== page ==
New York, NY – Early Childhood Education Teachers tasked with putting Mayor Bill de Blasio’s signature Universal PreK program into action later this fall, will be marching on City Hall next week to demand pay parity with their Department of Education counterparts.
Sixty-precent of the seats Hizzoner has created under his Universal PreK program for 3- and 4-year-olds, exists inside Community Based Organizations — and not Department of Education buildings. Despite that, equally-credentialed Early Childhood Education teachers at Community Based Organizations earn tens-of-thousands-of-dollars less than DOE educators.
In fact, according to Jennifer March, executive director of the Citizens Committee for Children, Early Childhood Education teachers with eight years on the job at Community Based Organizations earn just $48,000 annually — while DOE Early Education teachers can $81,000 annually after eight years.
To remedy the disparity, Early Childhood Education teachers with DC1707 and their allies, will gather at the north end of Battery Park across the street from the National Museum of the American Indian at One Bowling Green, at 9 a.m. on Wednesday, June 20, before marching onto nearby City Hall Park.
“Our teachers actually live within the five boroughs and vote, where teachers in the DOE live in Weschester County and Long Island and they don’t vote in elections within the City — the mayor needs to pay attention to that,” DC1707 Executive Director Kim Medina recently told LaborPress’ “Blue Collar Buzz” podcast. “DC1707 pushed for him on Staten Island — it was a big push. We want to be recognized and respected.”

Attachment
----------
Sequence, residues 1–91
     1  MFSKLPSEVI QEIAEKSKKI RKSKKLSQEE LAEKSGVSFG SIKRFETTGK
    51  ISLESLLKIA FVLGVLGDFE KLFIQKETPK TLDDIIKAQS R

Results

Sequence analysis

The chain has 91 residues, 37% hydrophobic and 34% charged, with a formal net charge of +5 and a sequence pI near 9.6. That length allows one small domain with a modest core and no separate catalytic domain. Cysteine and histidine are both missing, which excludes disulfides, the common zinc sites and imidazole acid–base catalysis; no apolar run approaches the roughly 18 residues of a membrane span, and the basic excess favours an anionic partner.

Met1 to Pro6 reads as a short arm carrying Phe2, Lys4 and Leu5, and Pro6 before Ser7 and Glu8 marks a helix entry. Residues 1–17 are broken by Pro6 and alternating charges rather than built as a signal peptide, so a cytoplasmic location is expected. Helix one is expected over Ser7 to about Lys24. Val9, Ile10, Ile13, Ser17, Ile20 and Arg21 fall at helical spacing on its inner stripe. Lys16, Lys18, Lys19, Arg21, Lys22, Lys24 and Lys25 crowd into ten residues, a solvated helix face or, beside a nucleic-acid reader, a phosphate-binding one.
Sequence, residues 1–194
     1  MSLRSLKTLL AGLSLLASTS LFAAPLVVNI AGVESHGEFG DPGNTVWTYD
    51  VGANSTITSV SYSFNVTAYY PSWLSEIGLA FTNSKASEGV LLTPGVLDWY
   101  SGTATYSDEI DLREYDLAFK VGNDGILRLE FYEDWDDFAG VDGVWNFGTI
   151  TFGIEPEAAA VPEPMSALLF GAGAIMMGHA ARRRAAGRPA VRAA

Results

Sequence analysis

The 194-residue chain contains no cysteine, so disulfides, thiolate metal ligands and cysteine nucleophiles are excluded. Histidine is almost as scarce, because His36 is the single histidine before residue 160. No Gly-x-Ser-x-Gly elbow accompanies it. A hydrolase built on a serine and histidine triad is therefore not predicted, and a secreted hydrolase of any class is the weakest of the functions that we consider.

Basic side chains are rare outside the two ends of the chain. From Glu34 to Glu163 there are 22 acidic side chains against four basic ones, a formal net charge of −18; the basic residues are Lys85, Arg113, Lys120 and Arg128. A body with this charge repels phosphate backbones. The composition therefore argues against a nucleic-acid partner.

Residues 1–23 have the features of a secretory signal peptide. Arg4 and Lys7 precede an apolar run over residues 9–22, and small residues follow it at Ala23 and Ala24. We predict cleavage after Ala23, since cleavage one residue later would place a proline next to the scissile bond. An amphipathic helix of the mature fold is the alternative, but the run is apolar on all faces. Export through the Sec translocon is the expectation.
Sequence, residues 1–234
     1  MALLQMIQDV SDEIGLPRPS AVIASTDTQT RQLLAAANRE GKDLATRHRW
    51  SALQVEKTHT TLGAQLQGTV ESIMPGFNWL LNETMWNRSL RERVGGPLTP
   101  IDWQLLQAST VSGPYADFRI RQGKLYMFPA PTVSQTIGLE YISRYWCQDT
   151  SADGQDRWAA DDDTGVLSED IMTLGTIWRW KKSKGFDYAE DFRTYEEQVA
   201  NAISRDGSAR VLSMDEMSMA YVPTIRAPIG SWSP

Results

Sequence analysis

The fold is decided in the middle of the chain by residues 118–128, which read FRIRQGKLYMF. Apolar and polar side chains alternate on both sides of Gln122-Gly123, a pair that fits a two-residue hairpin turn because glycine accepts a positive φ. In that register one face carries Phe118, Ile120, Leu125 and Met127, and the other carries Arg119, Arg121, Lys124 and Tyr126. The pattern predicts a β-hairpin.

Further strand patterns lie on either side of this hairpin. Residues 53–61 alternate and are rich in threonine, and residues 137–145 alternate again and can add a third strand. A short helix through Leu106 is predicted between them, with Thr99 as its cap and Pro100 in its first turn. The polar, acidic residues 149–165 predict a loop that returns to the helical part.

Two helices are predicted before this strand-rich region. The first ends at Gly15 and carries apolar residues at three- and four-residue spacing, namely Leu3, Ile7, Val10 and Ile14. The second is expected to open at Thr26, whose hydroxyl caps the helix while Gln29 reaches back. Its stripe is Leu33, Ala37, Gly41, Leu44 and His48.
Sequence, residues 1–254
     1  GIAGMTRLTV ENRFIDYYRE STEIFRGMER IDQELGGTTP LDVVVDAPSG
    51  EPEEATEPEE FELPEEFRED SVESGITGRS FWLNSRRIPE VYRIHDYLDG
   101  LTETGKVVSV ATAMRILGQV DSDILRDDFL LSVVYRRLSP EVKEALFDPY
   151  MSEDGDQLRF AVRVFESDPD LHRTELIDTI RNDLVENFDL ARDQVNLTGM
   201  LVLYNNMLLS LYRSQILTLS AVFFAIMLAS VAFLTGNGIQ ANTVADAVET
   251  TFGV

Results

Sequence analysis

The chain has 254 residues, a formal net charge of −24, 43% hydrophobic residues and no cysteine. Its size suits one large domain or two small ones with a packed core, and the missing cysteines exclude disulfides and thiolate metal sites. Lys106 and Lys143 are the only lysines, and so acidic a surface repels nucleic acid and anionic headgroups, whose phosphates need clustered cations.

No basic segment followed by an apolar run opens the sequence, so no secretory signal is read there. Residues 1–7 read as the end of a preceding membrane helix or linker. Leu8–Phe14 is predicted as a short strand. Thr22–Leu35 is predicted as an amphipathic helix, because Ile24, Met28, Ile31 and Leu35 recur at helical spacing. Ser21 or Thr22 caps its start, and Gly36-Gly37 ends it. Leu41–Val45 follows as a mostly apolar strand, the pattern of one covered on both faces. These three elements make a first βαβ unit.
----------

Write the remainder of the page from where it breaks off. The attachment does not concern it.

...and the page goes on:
Early Childhood Education advocates argue that by failing to pay Community Based Organization teachers equitably, Mayor de Blasio is actually jeopardizing the success of his entire Universal PreK program — largely because Community Based Organizations are finding it increasingly difficult to retain qualified teachers. The loss, according to child advocates, goes beyond staffing, to directly undermining both the quality and delivery of Early Childhood Education services.
“What should bring us together is the fact that we are all here for children,” East Harlem Block Nursery Educational Director Brittney Melvin also told Blue Collar Buzz. “Our focus should be on children. However, we can’t forget a key component in educating children — and that’s the teachers.”
Medina further warns that, come September, there will actually be 7,000 New York City children without a PreK spot.
“There’s just no room in the buildings, so [the de Blasio administration] wants to open up more CBO programs,” the DC1707 leader said. “Agencies can’t keep certified teachers because they’re not making enough money, and you’re not getting paid what you’re worth.”
Mayor de Blasio is reportedly loath to open up an active contract with DC1707 members, fearing that doing so will set an unwanted precedent with other municipal workers.
What should bring us together is the fact that we are all here for children, East Harlem Block Nursery Educational Director Brittney Melvin also told Blue Collar Buzz. Our focus should be on children. However, we can’t forget a key component in educating children — and that’s the teachers.
Medina, however, argues that pay parity for Early Childhood Education teachers at Community Based Organizations need not involve opening the contract — especially with $150 million allocated to the City Council’s Education Budget.
“This can happen on the outside [of a contract], and we have many supporters within the City Council who are clearly saying, ‘Let’s give them the money that they need,'” Medina said.
Early Childhood Education teachers at Community Based Organizations last rallied outside City Hall in April. They expect an extremely large turnout for the June 20, march and rally from Battery Park to City Hall.